Hopefully, anyway. Obviously YMMV; everyone's tastes are a bit different, and I'm just one person. I hope that my reviews are useful to folks, though, at least. I'd rather not recommend something someone would enjoy than recommend something that they didn't, as the latter costs them more than the former. Though of course, it is inevitable that folks won't like everything I enjoy and feel is good.



I think you did, cause I remember this same conversation and answer.

And will what TD says seems solid, I think there is a particularity with estee. which TD it's generous enough to define up in the review:

Like a lot of Estee’s stories, this is a piece which is heavily focused on characterization. Like a number of Estee’s stories, this story also suffers from the primary Estee story flaw – a certain level of lack of focus.  

You can have for example, recently reviewed  A Mark Of Appeal . It's a great story, it has some great deep concept, some marvelous parts, and all, but then, suddenly, you have entire chapters that are pure world-building of Estee universe that's barely related to the main story, or to follow the backstory of what seems a just random or secondary character, or sometimes it's even just something that seems so anecdotal (almost like a short story inside the fic) that it's hard to imagine how they serve to expands anything. It's not just that's it's "slow paced", that's, of course, a question of personal taste, but that it seems to have other purpose (one would guess, expand Estee universe) rather than work for the proper story.

This was indeed one of Estee early stories, and I think he improved in that (and other) regards, but I have seen it other times later anyway.

And in my personal experience it’s what leaves me with an undecided mind. I want to read Estee’s stories, to try to catch those great “juicy moments”, but I end no so enthusiastic about some of his overall fics, since they kinda end “dulled” by the “unfocused” parts, and yet, I loved the juicy parts so much, that I still want to keep reading more of him.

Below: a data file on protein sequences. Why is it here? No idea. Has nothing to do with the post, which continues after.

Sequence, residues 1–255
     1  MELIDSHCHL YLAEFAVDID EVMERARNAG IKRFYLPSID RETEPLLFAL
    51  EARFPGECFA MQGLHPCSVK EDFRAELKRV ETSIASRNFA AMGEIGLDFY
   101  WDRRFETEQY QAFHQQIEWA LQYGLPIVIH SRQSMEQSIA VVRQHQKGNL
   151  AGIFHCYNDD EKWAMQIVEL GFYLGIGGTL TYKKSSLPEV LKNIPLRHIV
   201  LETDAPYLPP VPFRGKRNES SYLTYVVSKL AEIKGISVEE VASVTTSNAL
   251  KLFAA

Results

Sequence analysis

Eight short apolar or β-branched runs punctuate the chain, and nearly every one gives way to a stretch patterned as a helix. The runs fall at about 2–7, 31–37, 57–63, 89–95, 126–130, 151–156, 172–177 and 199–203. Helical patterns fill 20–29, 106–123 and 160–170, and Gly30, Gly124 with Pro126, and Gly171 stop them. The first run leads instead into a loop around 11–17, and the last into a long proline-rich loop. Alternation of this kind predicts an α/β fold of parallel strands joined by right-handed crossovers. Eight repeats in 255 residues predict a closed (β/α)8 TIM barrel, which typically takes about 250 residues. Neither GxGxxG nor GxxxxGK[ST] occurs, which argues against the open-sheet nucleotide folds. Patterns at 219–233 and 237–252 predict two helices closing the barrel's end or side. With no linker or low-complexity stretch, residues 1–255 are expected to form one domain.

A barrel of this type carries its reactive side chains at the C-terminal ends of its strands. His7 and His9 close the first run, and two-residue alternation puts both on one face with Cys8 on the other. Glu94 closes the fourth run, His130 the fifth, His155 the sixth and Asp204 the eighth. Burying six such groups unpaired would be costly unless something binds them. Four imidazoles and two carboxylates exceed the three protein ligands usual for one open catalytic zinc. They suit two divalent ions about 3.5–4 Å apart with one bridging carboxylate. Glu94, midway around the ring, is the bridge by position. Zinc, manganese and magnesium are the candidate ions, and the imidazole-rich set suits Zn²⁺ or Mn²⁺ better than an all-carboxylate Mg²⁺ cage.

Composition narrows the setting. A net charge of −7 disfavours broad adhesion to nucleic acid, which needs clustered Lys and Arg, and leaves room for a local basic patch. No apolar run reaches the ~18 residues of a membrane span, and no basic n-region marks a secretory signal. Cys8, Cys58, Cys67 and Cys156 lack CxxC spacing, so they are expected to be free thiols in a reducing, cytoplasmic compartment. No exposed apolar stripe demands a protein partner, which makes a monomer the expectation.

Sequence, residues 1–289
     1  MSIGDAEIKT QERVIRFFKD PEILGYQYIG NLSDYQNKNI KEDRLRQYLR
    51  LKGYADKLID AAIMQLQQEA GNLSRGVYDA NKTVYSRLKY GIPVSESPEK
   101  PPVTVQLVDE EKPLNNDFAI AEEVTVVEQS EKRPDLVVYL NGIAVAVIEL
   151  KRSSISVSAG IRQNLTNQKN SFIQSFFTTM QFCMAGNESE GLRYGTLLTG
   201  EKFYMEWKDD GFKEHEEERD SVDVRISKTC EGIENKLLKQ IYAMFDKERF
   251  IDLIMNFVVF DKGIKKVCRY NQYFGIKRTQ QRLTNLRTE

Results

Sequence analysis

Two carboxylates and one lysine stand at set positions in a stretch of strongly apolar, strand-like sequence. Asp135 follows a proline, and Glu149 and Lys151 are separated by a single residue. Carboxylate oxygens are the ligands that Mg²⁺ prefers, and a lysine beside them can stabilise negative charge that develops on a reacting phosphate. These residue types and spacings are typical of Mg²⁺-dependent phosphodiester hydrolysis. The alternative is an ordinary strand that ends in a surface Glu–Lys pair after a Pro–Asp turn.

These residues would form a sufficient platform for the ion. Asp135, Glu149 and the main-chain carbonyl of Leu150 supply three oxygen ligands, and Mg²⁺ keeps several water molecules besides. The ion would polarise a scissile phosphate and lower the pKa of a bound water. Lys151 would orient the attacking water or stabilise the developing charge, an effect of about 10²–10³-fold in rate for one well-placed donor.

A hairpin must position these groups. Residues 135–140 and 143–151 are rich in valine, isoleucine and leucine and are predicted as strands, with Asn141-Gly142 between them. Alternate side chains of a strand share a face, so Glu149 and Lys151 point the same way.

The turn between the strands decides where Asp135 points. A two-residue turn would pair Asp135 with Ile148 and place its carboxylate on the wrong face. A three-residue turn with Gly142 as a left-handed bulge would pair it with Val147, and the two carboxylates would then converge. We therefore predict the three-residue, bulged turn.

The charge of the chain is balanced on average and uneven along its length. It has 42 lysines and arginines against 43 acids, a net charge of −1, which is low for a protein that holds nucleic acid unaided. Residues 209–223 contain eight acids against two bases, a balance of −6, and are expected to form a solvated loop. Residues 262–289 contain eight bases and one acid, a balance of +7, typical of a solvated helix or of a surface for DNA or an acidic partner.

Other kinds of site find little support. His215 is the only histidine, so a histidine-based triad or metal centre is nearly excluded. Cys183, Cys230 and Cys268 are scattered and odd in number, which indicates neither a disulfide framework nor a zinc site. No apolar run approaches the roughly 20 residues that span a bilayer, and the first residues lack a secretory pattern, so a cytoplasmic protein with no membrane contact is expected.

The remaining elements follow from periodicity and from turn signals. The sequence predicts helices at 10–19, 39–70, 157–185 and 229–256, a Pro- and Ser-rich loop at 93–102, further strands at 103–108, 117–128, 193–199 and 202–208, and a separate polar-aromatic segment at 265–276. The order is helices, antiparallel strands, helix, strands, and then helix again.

And in my personal experience it’s what leaves me with an undecided mind. I want to read Estee’s stories, to try to catch those great “juicy moments”, but I end no so enthusiastic about some of his overall fics, since they kinda end “dulled” by the “unfocused” parts, and yet, I loved the juicy parts so much, that I still want to keep reading more of him.

Pretty much. The best Estee stories are the ones that stay on track and manage to integrate the worldbuilding smoothly into the story, rather than just feeling like there's a whole scene written from the point of view of Mr. Rich so we can understand Mr. Rich's character better for reasons completely unrelated to furthering the story.

and I’m not entirely sure that I really understand Twilight’s obsession with the first edition of a book.

This is something that makes perfect sense if you've spent a notable chunk of your life around one or more bibliophiles, and very little to anyone else. The story, I feel, reflects this appropriately.


Naw, just your garden variety used book dealers. The exact degree to which this is true varies from book to book, but firsts tend to be scarcer than subsequent printings, and are more prestigious and valuable to collectors for it. Doubly so if any content gets revised between printings, or if the author/book goes on to hit it big, or if the illustrator changes between editions. God help you if the hardcover is a limited run. And that's not even getting into the rabbit hole that is condition.